“Seriously.  What have you been doing all morning?“ he asked in a growl that dripped with disgust.  “You should be halfway through this job by now and you ain’t got 20 feet from this house!”

He paused his tongue lashing long enough to bless the food, and once he uttered “amen” (in Jesus’ name, of course) the verbal flogging resumed.  Each bite I took through that entire meal was punctuated with some new commentary on my work ethic, the way I gripped a rake, the size of the piles I made with the leaves in his yard.  I waited through the entire meal for some nugget of encouragement, but none came.

The verbal beat downs continued each and every day for the entire week I worked for him.  I went to bed each night with blistered hands, a throbbing back, and a wounded spirit.  By the time the week was over, his entire property had been raked, an old storage shed had been torn down (and the rubble hauled off), his house had been repainted, and that old picnic table had been fortified, sanded down, and repainted.

At the end of the last day, he called me over to get my check before I left.  My shoulders slumped as I trudged over to receive my remuneration—and probably one last commentary on how I represented the most worthless generation he ever witnessed.

I stopped in front of him and noticed immediately that the man I had been working for all week was gone.  In his place was the warm, smiling man I met recently at a country church.  As he handed me a folded check, he gripped my hand tightly and thanked me for all of my hard work.  As my face turned into a soupy mess of confusion, he patted me on the shoulder and gave me one last speech.

“Son, I believe in hard work.  Always have,” he said.  “You were doing okay from the start, but I knew I could get a lot more out of you with the proper motivation.  No matter what job you are given, you owe your best.  All you can give.  That will always be rewarded.”

As I climbed in my car to leave, his words continued to ring in my ears.  I started the engine, but before I shifted into gear, I took one peek at the folded check from that old farmer with a unique motivational approach.  He had doubled my promised pay, but I earned much more than a couple of hundred dollars that week.  I earned a life lesson on the importance of pouring my all into every responsibility I have.

Frank Vaughn, award-winning columnist and aspiring author, can be contacted at frankvaughn@gmail.com. Follow/like Frank Vaughn on Facebook, @fnvaughn on Twitter and fnvaughn on Instagram.

A truly impressive man

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I met an impressive man once under a cloudy sky in New Orleans. He was humble, quiet, and unassuming, yet he was followed by a throng of people who attended to his every need. His intelligent eyes examined every person in his path as he walked the trail of post-Katrina destruction.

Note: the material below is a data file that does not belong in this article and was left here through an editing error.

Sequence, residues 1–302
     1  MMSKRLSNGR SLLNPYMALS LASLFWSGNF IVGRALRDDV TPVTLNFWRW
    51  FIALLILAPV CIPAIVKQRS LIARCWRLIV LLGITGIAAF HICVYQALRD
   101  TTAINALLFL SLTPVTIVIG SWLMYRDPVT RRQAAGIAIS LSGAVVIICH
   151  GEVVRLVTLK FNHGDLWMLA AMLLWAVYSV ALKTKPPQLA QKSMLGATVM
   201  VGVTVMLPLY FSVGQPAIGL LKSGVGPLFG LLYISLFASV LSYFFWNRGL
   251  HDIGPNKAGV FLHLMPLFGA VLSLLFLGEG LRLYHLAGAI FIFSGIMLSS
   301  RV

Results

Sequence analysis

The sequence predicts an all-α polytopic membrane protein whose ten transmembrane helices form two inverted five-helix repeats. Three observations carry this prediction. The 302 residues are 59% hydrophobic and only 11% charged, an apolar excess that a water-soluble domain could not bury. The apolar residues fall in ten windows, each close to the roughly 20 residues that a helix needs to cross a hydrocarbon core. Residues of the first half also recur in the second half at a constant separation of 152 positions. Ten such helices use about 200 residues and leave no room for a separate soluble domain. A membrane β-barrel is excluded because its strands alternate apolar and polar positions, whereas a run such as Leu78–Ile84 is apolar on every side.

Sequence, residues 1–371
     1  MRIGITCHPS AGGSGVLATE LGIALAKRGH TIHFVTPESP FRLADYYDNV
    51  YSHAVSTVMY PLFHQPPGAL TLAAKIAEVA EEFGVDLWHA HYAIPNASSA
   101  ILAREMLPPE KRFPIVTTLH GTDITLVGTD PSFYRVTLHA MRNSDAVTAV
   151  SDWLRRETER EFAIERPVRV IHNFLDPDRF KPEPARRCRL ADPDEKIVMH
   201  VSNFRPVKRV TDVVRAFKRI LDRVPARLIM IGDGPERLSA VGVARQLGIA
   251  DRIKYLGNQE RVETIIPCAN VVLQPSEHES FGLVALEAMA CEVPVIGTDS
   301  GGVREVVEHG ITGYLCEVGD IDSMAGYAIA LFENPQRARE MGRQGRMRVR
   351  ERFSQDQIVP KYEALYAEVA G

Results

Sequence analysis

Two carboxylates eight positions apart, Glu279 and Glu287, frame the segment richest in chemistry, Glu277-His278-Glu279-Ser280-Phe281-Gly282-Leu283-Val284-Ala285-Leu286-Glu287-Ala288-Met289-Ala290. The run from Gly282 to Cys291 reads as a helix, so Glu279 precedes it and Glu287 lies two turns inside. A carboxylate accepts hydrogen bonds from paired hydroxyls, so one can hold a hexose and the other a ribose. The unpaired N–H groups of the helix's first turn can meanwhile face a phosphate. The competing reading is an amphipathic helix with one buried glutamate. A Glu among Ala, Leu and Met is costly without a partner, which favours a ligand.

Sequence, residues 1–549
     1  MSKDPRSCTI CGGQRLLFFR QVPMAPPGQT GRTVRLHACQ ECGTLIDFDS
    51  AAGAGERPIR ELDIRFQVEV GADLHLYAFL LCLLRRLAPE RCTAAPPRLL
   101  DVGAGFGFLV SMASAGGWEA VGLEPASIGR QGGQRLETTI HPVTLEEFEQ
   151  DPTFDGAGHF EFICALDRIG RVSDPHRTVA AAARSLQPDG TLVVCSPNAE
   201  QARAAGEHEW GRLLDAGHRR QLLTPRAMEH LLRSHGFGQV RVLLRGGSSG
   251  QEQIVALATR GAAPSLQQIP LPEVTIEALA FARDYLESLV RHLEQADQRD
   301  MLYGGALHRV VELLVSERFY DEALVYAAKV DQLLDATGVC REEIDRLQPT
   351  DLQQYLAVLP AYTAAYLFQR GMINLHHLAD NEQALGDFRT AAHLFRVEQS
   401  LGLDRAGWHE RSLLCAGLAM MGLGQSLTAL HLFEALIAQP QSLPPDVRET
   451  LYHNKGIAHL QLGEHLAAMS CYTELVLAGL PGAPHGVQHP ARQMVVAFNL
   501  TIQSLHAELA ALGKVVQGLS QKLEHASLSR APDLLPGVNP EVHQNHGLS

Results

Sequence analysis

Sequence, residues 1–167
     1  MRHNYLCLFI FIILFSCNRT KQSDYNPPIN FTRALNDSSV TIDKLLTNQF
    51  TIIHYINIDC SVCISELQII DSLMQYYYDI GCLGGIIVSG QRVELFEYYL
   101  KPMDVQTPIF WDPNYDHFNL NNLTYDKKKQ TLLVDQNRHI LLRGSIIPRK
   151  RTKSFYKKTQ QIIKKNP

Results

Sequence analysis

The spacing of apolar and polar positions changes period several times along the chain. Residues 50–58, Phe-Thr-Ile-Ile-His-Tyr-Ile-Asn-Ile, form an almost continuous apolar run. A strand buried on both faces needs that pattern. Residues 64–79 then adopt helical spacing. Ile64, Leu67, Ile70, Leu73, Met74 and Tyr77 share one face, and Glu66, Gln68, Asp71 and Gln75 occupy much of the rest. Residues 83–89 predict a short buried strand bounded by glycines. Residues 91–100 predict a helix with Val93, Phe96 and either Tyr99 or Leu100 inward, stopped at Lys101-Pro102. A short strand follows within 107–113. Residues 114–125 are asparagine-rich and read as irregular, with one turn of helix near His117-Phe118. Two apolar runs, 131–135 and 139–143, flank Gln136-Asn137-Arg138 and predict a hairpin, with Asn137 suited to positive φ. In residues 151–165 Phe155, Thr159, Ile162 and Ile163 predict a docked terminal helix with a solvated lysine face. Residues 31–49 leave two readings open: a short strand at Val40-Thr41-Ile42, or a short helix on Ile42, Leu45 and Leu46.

After his tour, he stopped at Belle Chasse Naval Air Station to thank the military service members who were mobilized to help bring some sense of order to the fear and confusion gripping that city. A veteran himself, he displayed a swelling heart of pride and admiration for all of the uniformed personnel he came in contact with. His eyes moistened as he listened to the story of a young airman who, in the midst of escaping the ravaging floodwaters in her neighborhood, had to tie her dead mother to a corner of her house so she could return after the waters receded to claim her body. He hugged her before turning to the next person.

He settled into an outdoor picnic area for lunch with some of the personnel there, but seating was limited. The rest of us had to stand back a distance and try to capture this event with low-resolution cell phone cameras that were standard fare in 2005. As he ate, he laughed heartily at a comment made by one soldier sitting across from him, patted the shoulder of another sitting next to him, and seemed genuinely interested in the conversation going on around him.

As he got up to leave, I noticed a cordoned-off path leading from the picnic tables to a building. I assumed this would be the path of egress for this gentleman, so I walked over to one side of it and waited to see if he would come by. He rose from his table, collected his trash, and took it to a bin himself. I remember being surprised he didn’t have someone take it for him, and I was struck again at the humility that seemed out of place for a man of his stature.

I guessed he would quickly pass by and on to the next thing on his undoubtedly tight schedule, so I readied my cell phone in the hopes of catching a picture of him passing by. By this time others had joined me and I was sort of pressed against the tight rope outlining his path. He didn’t seem to be in much of a hurry though, as he slowly made his way up the walkway, pausing to shake hands along the way. He wasn’t running for office, so this was not the typical sprint-paced grip-and-grin.

As he made his way toward my position, I tensed in the hopes that I would be favored with a handshake as well. He stopped a few feet from me to shake another hand, and as he turned to walk again, he stopped in front of me. His eyes regarded me for a second and I was frozen in place. He flashed me a grin that had served him well throughout life, extended his hand, and said, “George Bush. The older one. Thank you for your service, son.” I managed to stammer out a “thank you, Mr. President…” as he turned to walk away. Mine was the last hand he shook in that place.

I have always lived by one governing principle in regard to other people: I am never as impressed with anyone as they are with themselves. What I saw that day was a former U.S. president touring a ravaged city and loving on the people who suffered, as well as those who were there to help. I was not impressed that day with the office he once held. I was deeply impressed with the man that he is.